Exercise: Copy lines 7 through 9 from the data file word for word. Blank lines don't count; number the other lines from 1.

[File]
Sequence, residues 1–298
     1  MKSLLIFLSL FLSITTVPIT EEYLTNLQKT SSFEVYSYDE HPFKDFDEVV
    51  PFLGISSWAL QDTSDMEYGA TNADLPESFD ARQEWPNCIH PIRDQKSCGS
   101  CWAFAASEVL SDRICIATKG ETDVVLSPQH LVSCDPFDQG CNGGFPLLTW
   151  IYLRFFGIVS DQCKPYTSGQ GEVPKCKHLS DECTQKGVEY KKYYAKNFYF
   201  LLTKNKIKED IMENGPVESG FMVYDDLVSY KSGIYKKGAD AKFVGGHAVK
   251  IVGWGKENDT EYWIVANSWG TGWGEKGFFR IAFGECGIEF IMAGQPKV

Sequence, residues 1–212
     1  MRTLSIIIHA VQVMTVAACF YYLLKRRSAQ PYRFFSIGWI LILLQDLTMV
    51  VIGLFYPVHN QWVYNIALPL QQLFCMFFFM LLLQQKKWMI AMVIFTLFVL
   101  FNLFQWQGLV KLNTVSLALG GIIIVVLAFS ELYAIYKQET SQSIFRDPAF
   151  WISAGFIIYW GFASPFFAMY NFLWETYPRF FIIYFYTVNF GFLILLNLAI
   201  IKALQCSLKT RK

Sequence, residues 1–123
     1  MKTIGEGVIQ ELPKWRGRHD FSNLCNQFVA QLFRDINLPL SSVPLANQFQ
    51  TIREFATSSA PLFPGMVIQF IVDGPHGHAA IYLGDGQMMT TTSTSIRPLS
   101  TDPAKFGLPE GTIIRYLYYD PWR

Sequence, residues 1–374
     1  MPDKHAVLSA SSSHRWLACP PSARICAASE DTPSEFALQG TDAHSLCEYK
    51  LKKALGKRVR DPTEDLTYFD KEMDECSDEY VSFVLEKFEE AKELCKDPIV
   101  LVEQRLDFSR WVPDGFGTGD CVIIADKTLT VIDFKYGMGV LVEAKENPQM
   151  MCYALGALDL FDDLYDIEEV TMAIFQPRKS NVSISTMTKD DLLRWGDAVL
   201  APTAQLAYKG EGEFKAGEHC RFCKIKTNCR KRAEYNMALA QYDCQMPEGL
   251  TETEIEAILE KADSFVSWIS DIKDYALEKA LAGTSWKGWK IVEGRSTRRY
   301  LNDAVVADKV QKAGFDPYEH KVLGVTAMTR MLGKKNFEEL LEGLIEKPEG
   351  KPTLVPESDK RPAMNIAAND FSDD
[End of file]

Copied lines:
   251  IVGWGKENDT EYWIVANSWG TGWGEKGFFR IAFGECGIEF IMAGQPKV

Sequence, residues 1–212
     1  MRTLSIIIHA VQVMTVAACF YYLLKRRSAQ PYRFFSIGWI LILLQDLTMV